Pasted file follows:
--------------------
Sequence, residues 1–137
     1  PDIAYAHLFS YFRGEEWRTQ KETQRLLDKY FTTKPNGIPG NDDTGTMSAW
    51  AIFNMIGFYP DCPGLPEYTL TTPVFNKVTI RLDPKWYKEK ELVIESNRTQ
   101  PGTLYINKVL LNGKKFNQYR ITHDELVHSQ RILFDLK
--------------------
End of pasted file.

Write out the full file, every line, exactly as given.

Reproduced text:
Sequence, residues 1–137
     1  PDIAYAHLFS YFRGEEWRTQ KETQRLLDKY FTTKPNGIPG NDDTGTMSAW
    51  AIFNMIGFYP DCPGLPEYTL TTPVFNKVTI RLDPKWYKEK ELVIESNRTQ
   101  PGTLYINKVL LNGKKFNQYR ITHDELVHSQ RILFDLK